Wednesday, May 02, 2007

300: All gore

Yet another adaptation from Greek mythology post Troy and Alexander, in the recent past stormed the theatres recently. After watching 300, while the curiosity about the famous Spartan defense was satisfied to a large extent, the film also turned out to be imminently forgettable. Based on Frank Miller’s graphic novel of the same name, 300 is exemplary of style over substance.

Regular moviegoers would foul mouth such claims and today, as it stands, the movie has almost acquired cult status amongst the Playstation yielding audiences. That, although being highly reflective of their indifferent concern to substantial elements in cinema, is also indicative of the sheer power of visuals effects on show, throughout the film.

Directed by Zack Snyder, 300 sticks
true in every frame to Miller’s text. In retrospect, the film’s storyboard is identical to the novel, which is the biggest novelty that is on offer. The myth goes like this - King of Spartan, Leonidas (Gerard Butler) who gathers 300 of his best soldiers to fight the Persian army. Wisely he selects only those who have male children, so that their family name can continue even after their death.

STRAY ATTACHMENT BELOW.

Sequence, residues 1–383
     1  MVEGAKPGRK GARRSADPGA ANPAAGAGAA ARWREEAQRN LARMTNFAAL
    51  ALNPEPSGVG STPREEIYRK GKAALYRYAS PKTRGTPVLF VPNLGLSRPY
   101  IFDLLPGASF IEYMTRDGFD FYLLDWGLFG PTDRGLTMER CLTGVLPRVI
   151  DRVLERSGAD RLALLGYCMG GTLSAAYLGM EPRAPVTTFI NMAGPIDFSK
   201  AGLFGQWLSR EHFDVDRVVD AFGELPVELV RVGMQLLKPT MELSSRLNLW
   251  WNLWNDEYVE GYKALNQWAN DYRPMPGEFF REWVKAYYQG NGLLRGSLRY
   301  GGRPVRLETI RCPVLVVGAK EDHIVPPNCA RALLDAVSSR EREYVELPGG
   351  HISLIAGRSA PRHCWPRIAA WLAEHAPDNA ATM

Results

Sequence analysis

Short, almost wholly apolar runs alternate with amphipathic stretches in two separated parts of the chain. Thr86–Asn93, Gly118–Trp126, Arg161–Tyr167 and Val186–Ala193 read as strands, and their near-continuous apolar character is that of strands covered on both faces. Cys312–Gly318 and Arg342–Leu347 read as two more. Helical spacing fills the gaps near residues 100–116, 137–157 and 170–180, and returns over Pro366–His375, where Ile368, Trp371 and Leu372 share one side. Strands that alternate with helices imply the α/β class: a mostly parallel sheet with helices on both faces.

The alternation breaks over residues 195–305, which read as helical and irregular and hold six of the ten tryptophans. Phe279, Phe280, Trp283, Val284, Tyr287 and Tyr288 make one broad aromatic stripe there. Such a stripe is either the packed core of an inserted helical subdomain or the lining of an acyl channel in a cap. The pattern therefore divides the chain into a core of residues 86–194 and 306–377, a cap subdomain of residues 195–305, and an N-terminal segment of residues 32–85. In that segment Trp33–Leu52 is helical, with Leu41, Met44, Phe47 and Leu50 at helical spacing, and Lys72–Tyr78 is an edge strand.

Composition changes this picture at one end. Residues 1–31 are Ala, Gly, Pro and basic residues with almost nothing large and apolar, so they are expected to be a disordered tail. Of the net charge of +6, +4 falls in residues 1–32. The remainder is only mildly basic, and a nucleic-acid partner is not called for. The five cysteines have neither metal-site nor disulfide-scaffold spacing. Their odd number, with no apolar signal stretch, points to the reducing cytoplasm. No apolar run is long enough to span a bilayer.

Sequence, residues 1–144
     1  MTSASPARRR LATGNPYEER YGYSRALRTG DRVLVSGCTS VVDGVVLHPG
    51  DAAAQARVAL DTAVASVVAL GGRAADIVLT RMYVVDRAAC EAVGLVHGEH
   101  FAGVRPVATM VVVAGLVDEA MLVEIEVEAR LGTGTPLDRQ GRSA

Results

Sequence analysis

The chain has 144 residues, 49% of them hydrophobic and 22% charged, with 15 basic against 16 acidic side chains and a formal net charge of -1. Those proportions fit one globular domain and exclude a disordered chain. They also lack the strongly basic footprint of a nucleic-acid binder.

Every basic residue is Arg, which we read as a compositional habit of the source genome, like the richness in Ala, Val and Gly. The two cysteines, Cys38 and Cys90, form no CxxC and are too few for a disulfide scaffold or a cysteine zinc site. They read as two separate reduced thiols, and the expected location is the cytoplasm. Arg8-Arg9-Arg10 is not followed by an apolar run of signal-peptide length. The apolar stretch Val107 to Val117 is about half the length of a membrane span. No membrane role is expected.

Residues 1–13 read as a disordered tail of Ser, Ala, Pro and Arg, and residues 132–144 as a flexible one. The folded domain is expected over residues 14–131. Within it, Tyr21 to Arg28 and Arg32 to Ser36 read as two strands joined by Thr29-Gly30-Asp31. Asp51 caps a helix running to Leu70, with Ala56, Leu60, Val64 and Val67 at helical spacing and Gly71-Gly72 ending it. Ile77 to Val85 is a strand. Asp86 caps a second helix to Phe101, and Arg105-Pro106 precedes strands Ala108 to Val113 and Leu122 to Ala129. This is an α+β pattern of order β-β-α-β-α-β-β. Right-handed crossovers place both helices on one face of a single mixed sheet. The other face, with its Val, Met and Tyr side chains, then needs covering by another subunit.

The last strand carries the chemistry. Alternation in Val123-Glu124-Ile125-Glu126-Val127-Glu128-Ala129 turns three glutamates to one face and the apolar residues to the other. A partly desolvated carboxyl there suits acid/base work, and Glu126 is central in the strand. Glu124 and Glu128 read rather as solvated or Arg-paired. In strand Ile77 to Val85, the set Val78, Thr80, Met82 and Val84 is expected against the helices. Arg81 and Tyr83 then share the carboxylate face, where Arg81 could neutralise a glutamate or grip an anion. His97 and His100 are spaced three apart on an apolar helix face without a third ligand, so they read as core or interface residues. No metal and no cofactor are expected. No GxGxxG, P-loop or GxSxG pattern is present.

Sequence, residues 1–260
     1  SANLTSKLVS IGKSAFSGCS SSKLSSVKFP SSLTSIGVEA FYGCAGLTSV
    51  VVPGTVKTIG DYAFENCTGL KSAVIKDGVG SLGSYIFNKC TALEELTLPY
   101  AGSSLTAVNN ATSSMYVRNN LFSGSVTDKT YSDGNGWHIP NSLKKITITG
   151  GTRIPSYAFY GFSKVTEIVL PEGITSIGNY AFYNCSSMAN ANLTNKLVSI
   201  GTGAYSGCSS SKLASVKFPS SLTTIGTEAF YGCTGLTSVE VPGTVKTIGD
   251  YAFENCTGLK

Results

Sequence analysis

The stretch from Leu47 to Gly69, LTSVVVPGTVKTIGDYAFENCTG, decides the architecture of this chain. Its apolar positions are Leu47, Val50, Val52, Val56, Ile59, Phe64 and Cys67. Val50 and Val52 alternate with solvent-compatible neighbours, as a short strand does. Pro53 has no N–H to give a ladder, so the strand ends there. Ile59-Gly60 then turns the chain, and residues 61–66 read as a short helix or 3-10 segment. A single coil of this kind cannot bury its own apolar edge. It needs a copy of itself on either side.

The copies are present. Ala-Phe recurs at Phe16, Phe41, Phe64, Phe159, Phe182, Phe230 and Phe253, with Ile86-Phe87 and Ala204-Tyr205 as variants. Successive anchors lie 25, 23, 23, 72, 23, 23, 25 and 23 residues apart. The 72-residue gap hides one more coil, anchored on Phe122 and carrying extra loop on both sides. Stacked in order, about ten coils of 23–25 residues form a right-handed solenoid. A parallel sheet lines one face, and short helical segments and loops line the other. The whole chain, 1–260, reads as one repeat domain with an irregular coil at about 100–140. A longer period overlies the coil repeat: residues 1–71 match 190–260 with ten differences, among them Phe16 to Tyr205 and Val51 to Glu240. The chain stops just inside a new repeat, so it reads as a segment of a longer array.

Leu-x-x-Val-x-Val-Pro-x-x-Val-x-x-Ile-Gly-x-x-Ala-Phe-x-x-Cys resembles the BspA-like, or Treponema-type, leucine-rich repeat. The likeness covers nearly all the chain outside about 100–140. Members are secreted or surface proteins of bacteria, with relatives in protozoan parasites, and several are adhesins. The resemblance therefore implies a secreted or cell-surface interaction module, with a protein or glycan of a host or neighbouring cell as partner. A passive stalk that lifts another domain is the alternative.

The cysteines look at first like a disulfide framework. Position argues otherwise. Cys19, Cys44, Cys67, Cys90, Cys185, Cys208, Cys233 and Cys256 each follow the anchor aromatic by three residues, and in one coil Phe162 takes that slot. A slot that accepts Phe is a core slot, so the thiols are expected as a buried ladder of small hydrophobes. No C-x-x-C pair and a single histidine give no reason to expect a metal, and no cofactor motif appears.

Epic in proportion, daunting in proposition, the Spartans march across till Thermopylae, referred to as ‘the hot gates’ where they are try to defend themselves from being under the superior command of the Persian King Xerxes. The Spartans are tough and they refuse to budge.

What’s more – they chop and chuck every form of attack on the way with incredible valour and spirit. It is here, that 300 begins a treat for the eyes. The raw energy and sheer grace in the choreography of the fight sequences is remarkable. In terms of visual effects, 300 undoubtedly becomes a landmark film. The ripples felt in the rhealm of SFX are similar to those created by the Matrix series during its time. However, the big positive for the action sequences and imaging is the detail and believable nature of every frame. The special effects will undoubtedly be the USP for new audiences to drool over the film.

The screenplay manages to keep the tension and energy palpable throughout. The humour is tongue-in-cheek, but its far and in-between. Since the storyline is wafer-thin and the narration proceeds in a linear fashion without any major hiccups, a sense of predictability creeps in after a point of time. Also, the language used throughout the film is too modern for its time with words like ‘stupid’, ‘Idiotic’ being used generously in the dialogues. Did Greeks ever speak like that? Of course, they did not speak English either, but considering it’s a period drama, a sense of ethos and formal touch should have been a must in the dialogue.

The reason why 300 turns out as forgettable and shallow is ma
jorly because of the thin-storyline and average performances. None of them, goes beyond average, except for Butler who’s energy is symbolic of the film.

300 is a treat while it lasts. In today’s age, where audiences belonging to stressed lifestyles, this might just work for the film. But a great film is a memorable one, which unfortunately 300 does not qualify for.